But if you are without chastening, of which all have become partakers, then you are illegitimate and not sons. Furthermore, we have had human fathers who corrected us, and we paid them respect. Shall we not much more readily be in subjection to the Father of spirits and live? For they indeed for a few days chastened us as seemed best to them, but He for our profit, that we may be partakers of His holiness.” Hebrews 12:8-10.

Spanking should be used whenever they show any form of open defiance toward you. I believe that you should always explain why they are being spanked, followed by the spanking, followed immediately by affirmation that you love them and want them to learn to be obedient. If after, they continue to be openly defiant then you should repeat the spanking process. The goal is to teach submission.

I know. That sounds harsh. That word, submission. But we, are to submit to the Lord, wives are to submit to their husbands, and children are to obey (submit to) their parents.

Ladies, if your children cannot learn to submit to your authority, or your husbands authority, they will NEVER learn to submit to their heavenly Father. The consequences of which will lead to severe and everlasting consequences. Eternal Death. We do not want that for our children. We love them and want to see them attain eternal salvation. So we as parents have to face the uncomfortable feeling of having to discipline our children in love to teach them to submit to authority.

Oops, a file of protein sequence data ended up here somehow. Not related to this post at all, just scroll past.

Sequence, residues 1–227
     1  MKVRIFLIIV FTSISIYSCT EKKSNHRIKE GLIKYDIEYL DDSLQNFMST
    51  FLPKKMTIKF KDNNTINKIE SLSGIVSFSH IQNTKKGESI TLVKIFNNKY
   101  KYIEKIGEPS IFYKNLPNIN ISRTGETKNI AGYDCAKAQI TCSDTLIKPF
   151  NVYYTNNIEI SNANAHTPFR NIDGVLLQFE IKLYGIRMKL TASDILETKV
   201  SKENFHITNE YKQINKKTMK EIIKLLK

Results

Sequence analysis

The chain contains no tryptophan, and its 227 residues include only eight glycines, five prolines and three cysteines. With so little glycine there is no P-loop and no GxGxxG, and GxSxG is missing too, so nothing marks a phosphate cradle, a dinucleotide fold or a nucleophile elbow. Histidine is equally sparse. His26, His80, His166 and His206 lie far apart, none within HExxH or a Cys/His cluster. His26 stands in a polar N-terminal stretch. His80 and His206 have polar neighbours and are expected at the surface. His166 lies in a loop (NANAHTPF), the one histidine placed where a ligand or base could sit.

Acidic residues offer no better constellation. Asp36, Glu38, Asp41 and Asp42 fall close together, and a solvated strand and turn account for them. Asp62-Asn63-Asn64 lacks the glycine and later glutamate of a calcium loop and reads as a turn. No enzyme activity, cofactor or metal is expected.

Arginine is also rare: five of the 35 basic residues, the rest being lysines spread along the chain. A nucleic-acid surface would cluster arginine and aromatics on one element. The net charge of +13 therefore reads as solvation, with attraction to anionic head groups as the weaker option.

“Now no chastening seems to be joyful for the present, but painful; nevertheless, afterward it yields the peacable fruit of righteousness to those who have been trained by it.” Hebrews 12:11.

When we were using many of these worship training tips with our foster children, spanking was not an option. At that time we used the corner as a form of timeout, and it took a lot more repetition to be effective. I’m not saying that spanking should be used in a vengeful way or in a way meant to embarrass or belittle your child. It’s simply a form of correction and loving parents will do so as gently as possible while still teaching correction. Remember your aim, heaven. Your goal, to teach obedience to you so they understand obedience to God through Christ.